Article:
How time compression heightens tension – Katie Rose Guest Pryal
By Katie Rose Guest Pryal
Have you ever watched the television show 24? The premise is that the hero, Jack Bauer, has twenty-four hours to stop some horrible thing from happening. Each hour of television during a television season — which consists of twenty-four episodes — is shot in (pretty close to) “real time,” meaning the watchers of the show are experiencing the passing of time just as the people in the show are experience the passing of time.♥
Compressing an entire season of television into twenty-four hours is a neat trick. But the trick serves a purpose. It heightens tension to an unbelievable degree. The same trick works in writing.
There are two books I’m thinking of in particular that use time compression to create immense tension. They are two very different books, each excellent in its own way. The first is by Ian McEwan, the British author, and the book is called Saturday. The book does, as you might imagine, take place during the course of one Saturday. The time structure highlights both the banalities of everyday life by contrasting them with the highly tense events of one particular day in a man’s life.
A US author, Kathryn Craft, wrote a novel called The Far End of Happy (winner of an Independent Publisher Book Award). The Far End of Happy takes place over only twelve hours. The book centers on a suicide stand-off, when a husband barricades himself in his home and his wife and other women in his life try to save him. You can tell from that premise that the book is intense. The time compression only makes it more so.
My first novel, Entanglement, took place — very intentionally — over one year. I wanted my second novel, Chasing Chaos, to have a different structure, despite its similar setting and character cast. Chasing Chaos takes place over the course of only five days. In those five days, there’s an engagement, a wedding, a tragedy, a betrayal, and more. Making all of those events seem natural in such a short period of time, and not like a soap opera, was the challenge.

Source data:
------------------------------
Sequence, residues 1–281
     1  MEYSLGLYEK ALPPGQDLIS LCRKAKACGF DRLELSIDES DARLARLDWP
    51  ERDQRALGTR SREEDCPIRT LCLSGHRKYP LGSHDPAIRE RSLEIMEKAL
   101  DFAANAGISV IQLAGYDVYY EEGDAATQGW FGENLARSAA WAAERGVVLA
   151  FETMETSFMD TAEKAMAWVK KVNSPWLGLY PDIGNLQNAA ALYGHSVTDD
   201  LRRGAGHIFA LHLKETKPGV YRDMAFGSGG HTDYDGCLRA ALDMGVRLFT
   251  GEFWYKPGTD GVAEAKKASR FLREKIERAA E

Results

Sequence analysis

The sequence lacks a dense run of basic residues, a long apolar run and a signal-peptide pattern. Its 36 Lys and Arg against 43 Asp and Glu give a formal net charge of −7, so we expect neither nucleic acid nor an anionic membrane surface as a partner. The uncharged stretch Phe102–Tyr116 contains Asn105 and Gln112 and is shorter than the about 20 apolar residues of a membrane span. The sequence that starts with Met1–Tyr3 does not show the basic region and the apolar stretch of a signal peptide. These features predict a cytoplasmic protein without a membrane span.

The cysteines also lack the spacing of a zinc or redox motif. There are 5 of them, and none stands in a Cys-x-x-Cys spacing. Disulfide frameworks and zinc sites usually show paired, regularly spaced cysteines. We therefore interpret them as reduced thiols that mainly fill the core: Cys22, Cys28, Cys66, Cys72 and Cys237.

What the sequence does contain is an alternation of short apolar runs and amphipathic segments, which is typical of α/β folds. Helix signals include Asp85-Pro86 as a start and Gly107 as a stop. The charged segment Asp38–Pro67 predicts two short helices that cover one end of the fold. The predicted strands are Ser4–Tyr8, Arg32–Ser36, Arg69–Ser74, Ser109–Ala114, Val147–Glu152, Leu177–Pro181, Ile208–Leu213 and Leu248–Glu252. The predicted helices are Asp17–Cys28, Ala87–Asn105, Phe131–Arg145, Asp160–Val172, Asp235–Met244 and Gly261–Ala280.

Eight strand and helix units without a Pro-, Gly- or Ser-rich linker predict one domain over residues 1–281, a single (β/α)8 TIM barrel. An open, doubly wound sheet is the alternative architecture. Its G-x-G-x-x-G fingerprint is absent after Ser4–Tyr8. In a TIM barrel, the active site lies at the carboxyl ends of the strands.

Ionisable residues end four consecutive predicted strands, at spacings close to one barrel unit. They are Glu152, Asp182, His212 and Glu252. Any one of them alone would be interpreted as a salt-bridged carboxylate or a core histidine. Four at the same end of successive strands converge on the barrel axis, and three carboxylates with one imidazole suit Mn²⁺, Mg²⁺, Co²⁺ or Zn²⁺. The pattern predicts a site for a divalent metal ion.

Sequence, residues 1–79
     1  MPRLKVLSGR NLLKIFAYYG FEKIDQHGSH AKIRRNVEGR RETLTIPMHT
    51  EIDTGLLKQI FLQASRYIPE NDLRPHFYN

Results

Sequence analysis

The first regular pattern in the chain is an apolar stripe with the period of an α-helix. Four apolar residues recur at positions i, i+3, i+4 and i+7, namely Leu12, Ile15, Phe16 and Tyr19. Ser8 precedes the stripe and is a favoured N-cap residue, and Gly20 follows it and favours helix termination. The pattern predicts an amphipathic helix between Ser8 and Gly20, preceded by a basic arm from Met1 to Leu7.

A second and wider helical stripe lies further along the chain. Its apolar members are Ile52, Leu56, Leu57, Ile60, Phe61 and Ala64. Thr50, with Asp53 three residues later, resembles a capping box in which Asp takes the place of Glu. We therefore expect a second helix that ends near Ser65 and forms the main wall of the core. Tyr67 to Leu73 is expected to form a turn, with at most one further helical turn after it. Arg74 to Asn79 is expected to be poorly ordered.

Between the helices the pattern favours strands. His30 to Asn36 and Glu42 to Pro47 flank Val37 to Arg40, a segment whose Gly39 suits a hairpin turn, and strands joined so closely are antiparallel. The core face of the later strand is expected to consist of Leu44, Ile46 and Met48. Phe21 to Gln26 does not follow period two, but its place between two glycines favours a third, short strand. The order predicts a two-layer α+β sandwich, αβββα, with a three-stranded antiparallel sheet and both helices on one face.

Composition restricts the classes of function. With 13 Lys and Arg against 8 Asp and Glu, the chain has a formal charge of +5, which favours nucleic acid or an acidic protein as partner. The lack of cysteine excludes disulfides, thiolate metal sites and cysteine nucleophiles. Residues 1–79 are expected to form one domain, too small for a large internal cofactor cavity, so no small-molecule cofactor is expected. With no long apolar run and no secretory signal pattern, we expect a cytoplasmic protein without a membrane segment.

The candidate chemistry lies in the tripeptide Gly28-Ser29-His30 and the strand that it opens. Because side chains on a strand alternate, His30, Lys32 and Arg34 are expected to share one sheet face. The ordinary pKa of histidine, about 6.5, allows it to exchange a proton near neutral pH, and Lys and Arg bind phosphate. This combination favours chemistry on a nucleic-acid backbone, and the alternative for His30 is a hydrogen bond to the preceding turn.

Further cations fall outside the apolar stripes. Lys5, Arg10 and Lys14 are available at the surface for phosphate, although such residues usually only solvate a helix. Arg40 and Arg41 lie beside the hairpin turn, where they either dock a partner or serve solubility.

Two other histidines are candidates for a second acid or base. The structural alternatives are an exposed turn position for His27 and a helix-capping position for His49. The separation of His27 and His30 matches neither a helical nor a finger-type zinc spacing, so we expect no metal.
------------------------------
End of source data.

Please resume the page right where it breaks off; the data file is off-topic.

As a writer, you can use time compression in a book even when your book takes place over longer spans of time. When you compress time, you zoom in on a particular scene, tightening tension. You draw your reader’s attention as though with a spotlight. Then, when that scene is finished, you can zoom out again, decompress time, thereby easing the tension.
As a reader, pay attention to how authors compress — and decompress — time. Notice how time compression forces you to pay attention to particular events. Time compression is like old-fashioned cinematic slow-motion, but with words, and much, much better.
Katie Rose Guest Pryal, J.D., Ph.D., is a novelist, freelance journalist, and erstwhile law professor in Chapel Hill, NC. She is the author of the Entanglement Series, which includes Entanglement, Love and Entropy, and Chasing Chaos, all from Velvet Morning Press. She earned her master’s degree in creative writing from the Writing Seminars at Johns Hopkins, where she attended on a fellowship. Currently, she is teaching creative writing through Duke University’s Osher Lifelong Learning Institute, working as a writing coach and editor, and writing her next novels.